Acts 1:2 – Until the day he was taken up to heaven
Dr Luke, like many learned people of his day, wrote in volumes: the first volume is the gospel; the second volume the Acts of the apostles. As we saw yesterday, the connecting tissue between the two is the ascension of Jesus: the day when Jesus was taken up to heaven.
Interestingly this theme begins as early as chapter 9 of Luke’s gospel. You might want to read it. There, Moses and Elijah, both of whom knew a thing or two about dramatic departures, are discussing with Jesus on the mount of transfiguration, ‘his departure, which he was about to bring to fulfilment at Jerusalem’ (Luke 9:31). And then twenty verses later, ‘as the time approached for him to be taken up to heaven, Jesus resolutely set out for Jerusalem,’ – what some call a travel narrative that takes us south from Galilee, through Samaria, and onto the events we have just celebrated this Easter weekend. Jesus knew there could be no departure into heaven without entering the vortex of his passion. As he explained to the Emmaus disciples, the Messiah first had to suffer before entering his glory. And by travelling to Jerusalem he showed how determined he was to fulfil this aspect of his ministry – the heart of his ministry. Yes he came to teach, and to heal. But first and foremost he came to offer his life for us.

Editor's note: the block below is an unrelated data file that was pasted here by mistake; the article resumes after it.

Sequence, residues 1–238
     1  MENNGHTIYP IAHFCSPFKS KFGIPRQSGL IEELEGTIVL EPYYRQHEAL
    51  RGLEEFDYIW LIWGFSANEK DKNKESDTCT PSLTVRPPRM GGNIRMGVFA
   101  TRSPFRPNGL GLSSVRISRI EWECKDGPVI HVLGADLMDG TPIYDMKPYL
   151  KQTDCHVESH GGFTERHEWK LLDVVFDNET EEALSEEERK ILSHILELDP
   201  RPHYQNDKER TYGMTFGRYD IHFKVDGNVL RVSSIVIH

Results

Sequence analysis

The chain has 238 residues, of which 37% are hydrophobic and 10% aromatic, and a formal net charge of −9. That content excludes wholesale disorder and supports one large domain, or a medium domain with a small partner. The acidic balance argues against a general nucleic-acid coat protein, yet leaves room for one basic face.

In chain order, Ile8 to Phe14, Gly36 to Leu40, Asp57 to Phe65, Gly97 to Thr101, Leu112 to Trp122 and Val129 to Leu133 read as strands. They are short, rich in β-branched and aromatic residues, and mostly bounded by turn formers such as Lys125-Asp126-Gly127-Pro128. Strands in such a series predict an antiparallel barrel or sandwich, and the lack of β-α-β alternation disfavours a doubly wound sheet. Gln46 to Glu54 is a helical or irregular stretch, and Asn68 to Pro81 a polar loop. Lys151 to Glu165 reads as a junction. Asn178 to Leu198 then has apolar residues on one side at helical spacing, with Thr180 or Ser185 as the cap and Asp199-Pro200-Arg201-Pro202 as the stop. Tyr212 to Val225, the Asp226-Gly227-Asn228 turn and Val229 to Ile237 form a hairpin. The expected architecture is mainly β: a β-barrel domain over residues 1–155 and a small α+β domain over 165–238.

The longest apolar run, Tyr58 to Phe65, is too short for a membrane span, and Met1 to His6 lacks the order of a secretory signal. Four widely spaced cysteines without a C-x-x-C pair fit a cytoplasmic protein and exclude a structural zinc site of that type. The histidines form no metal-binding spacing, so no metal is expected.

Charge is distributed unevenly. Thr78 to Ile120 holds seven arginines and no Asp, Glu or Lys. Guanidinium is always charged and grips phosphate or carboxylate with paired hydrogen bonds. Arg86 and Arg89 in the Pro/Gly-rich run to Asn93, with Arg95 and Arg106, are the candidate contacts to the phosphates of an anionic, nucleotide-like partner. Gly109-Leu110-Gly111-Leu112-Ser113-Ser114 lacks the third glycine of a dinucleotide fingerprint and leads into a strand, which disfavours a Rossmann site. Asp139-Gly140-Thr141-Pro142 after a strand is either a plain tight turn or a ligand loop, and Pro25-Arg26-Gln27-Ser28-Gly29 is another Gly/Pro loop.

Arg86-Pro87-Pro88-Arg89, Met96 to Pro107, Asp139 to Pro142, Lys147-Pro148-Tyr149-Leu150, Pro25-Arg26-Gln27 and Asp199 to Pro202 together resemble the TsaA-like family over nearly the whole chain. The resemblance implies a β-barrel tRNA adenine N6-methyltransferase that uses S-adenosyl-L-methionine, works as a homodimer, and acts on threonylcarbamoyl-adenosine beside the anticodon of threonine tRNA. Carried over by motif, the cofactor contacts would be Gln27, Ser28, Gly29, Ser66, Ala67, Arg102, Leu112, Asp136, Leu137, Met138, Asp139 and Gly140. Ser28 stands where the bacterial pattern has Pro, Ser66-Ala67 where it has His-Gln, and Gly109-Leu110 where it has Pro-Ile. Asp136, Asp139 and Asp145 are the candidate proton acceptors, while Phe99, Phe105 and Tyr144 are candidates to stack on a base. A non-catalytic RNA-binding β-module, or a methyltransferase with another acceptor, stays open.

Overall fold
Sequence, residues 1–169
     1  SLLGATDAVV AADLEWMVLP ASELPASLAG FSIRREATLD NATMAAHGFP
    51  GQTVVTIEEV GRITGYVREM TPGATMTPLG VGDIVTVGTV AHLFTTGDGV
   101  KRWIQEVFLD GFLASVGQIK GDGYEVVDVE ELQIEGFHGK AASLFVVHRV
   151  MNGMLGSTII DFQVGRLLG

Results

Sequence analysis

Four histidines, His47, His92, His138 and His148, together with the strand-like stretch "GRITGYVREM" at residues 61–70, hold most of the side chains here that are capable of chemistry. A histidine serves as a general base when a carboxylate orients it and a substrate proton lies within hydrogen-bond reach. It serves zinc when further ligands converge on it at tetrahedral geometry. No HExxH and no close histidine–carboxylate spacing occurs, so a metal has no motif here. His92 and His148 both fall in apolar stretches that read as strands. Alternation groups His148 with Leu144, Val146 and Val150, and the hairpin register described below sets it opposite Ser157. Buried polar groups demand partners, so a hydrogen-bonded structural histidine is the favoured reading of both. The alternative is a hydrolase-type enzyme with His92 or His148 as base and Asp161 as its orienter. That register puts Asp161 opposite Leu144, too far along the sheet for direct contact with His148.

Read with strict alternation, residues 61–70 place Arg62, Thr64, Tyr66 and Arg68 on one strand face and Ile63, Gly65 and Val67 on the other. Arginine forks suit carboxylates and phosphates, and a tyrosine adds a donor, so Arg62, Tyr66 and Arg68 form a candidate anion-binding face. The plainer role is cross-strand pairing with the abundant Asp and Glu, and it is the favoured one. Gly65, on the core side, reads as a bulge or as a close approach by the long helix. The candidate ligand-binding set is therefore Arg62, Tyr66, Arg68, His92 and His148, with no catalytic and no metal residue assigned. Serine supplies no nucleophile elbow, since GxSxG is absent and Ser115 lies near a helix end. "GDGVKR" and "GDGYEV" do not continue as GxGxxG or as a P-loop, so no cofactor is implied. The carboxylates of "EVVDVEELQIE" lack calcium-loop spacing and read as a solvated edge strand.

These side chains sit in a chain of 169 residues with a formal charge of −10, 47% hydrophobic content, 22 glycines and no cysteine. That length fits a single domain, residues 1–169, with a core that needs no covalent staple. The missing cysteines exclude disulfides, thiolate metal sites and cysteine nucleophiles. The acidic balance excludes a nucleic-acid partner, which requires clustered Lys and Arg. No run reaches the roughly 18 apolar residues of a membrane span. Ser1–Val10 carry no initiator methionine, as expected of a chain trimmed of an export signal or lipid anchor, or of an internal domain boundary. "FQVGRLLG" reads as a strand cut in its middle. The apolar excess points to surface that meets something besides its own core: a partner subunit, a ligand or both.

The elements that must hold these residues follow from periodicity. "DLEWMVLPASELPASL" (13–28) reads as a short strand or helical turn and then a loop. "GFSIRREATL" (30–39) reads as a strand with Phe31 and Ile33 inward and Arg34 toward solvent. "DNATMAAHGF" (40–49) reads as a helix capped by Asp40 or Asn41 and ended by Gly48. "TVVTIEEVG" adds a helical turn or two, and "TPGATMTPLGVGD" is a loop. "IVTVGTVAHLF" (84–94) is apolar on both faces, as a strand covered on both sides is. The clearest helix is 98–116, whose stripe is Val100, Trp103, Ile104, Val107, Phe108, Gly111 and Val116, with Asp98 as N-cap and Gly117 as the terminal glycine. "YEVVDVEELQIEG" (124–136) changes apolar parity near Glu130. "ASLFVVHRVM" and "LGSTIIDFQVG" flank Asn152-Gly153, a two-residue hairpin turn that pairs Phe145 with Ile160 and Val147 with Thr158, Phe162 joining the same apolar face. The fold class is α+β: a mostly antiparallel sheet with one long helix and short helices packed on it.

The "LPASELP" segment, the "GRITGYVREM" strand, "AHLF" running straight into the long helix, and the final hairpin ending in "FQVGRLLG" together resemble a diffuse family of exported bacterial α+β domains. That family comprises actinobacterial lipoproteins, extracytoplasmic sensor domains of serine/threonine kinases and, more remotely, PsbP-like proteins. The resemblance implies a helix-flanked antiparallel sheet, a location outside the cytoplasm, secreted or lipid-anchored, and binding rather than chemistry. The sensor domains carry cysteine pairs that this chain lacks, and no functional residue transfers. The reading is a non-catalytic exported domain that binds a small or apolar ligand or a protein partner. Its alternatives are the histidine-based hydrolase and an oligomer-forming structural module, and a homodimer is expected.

Prayer: Dear Lord, give me the same resolve to bear my trials and the same faith as our Lord to believe that our present sufferings will not be worth comparing to the glory we shall receive in heaven.